When Suzanne Podhaizer wrote her wedding vows, she noticed a common theme in her drafts. “My vows were almost entirely about how meaningful it is to share food with somebody,” she observes, “and meeting someone you want to give the best parts of a meal to.”
For Podhaizer, the food editor at Vermont’s Seven Days, food is more than just sustenance — it’s a passion that permeates almost every aspect of her life. She traces a career turning point back to her college days at the University of Vermont. Originally intending to major in English, she suddenly changed course and designed her own degree called Interdisciplinary Food Studies. “It was a combination of nutrition, anthropology, botany, and writing about food,” Podhaizer explains. In short, “I just made it about food.”
What should an ideal food writer do?
One thing I really enjoy about my job is that I don’t just write restaurant criticism. I also write about agriculture, our local farmers, and policies that come up in agriculture. Because food is really connected to the entire community, it’s important for a food writer to show how the food relates to other aspects of our lives, whether it be about agriculture, economics, or the stories of people who are making and growing their food products.
Also at the most basic, you have to describe taste. How do you approach food descriptions?
One of the courses I took in college was called “Sensory Evaluation of Food.” We started off by breaking down the basic tastes and learning to tell the difference between salty, bitter, sour and sweet. Then we built up to tasting cheeses, coffee and chocolate, and talking about the different flavors and aromas of each product. That helped me develop a vocabulary I use a lot when I’m thinking about any kind of product at a restaurant or anywhere else.
In both “Newfound Ground Round” and “His Daily Bread,” you take two pretty well-known professions in the food industry — the bread maker, the restaurant-chain manager — and you find some new interesting stories within these professions. How did you come to each of these stories?
With “Newfound Ground Round,” I heard about the restaurant making new changes because they’re a member of the Vermont Fresh Network, which is a nonprofit organization that connects farmers to restaurants. This is the first time a chain restaurant has ever approached them and asked to be part of it, and they were very skeptical. Because people were buzzing about this in my community, I decided I would go and check out the restaurant. I asked a few questions of the staffers, and it was really easy to find out that the manager was really the driving force behind this story. So I thought it would be really interesting to learn more why he made this intense commitment to defy the rules of the franchise and bring this local fresh produce and meat into his restaurant.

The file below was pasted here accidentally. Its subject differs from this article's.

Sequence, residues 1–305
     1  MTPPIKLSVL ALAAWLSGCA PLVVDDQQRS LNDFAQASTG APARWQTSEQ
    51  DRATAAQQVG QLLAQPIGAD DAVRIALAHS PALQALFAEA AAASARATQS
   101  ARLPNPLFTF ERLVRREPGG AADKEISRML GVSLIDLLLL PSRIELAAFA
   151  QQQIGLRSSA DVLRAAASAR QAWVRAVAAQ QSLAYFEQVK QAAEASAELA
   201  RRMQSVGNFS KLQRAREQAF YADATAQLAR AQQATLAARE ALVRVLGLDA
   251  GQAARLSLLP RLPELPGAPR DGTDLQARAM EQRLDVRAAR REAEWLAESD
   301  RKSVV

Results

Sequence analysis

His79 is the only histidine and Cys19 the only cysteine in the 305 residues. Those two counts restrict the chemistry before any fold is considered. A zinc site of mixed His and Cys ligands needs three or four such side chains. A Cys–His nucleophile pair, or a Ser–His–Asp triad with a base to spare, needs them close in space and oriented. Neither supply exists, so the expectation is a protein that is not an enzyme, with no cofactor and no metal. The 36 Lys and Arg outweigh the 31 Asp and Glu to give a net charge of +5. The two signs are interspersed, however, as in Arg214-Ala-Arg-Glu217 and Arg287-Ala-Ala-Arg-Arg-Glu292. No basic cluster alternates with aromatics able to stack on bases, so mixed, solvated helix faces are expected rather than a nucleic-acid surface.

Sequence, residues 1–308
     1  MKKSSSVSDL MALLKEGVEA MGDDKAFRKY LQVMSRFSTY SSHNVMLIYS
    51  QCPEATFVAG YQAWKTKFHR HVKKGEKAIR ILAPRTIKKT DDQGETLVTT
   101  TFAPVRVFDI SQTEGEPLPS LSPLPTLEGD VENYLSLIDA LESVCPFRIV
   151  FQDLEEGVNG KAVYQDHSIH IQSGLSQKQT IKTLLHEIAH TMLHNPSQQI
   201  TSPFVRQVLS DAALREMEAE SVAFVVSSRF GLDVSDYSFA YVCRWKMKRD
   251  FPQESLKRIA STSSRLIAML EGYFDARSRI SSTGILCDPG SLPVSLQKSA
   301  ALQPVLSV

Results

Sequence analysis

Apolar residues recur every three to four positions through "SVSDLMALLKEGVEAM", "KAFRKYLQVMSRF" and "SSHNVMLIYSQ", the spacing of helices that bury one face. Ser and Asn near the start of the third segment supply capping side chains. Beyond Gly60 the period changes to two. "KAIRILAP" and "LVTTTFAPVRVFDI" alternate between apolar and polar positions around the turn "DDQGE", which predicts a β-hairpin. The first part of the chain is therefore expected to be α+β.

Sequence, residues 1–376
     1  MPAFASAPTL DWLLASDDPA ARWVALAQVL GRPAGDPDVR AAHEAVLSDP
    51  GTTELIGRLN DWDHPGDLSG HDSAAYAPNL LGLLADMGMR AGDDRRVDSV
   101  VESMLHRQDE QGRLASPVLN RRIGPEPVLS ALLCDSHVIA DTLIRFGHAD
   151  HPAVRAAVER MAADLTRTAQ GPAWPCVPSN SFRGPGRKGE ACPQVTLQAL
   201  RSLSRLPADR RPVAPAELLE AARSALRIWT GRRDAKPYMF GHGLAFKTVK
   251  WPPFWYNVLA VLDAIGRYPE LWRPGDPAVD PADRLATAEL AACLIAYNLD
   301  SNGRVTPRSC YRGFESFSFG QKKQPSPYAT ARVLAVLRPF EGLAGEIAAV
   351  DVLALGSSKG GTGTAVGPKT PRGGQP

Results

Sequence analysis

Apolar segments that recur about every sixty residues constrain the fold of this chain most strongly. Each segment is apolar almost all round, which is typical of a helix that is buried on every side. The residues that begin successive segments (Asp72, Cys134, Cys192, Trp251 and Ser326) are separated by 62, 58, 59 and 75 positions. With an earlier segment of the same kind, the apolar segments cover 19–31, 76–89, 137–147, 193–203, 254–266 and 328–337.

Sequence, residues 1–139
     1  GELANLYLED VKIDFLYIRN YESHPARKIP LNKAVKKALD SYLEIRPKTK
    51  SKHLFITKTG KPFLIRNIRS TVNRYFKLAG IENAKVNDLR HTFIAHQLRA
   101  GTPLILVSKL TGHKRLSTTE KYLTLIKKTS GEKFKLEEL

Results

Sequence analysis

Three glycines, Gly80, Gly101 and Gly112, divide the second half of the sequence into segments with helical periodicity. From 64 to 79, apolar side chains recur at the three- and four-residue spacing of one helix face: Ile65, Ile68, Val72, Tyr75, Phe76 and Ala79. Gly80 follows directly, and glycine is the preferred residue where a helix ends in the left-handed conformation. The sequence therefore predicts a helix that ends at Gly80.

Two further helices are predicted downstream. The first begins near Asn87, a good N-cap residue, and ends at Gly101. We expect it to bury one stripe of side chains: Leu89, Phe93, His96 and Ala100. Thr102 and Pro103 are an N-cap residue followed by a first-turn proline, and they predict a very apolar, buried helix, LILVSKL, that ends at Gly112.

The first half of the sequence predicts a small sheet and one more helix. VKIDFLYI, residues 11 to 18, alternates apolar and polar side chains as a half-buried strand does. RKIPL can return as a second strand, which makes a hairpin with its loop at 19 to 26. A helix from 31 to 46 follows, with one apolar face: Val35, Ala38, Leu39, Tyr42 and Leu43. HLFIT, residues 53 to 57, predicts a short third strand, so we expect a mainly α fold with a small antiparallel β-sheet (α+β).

With “His Daily Bread,” I was getting Gerard’s bread through a farm share. Then I heard by word-of-mouth that he had had a stroke a while back. That was the trigger for me, because I learned that even though he would never walk again, he really was making his artisan loafs of bread all by himself in his really beautiful bakery. I think what helped him get better was that he was so looking forward to being able to bake again. There’s the human-interest angle, the fact that so many people enjoy his bread and don’t know his story — all of those things made me want to meet him. He certainly has an uncommon passion for his craft.
So if you had to pick out your last meal, what would it be?
I’ve asked a lot of people this question for an article, so I feel kind of silly but I don’t have something at the tip of my brain. But … you know, one of my best meals ever was at the French Laundry. It’s a pretty great possibility that if I was able to get a reservation for my last meal, that I would go there.
If I were cooking the meal myself, it would certainly be all local. It would probably be really simple. I’d probably make a local steak with a reduction sauce and roasted potatoes with herbs, and a salad with cheese and balsamic vinaigrette.
Part of the 2008 “How I Got That Story” series, in which Academy for Alternative Journalism fellows reveal the processes of the writers and editors who won first-place AltWeekly Awards. These interviews also appear in Best AltWeekly Writing and Design 2008.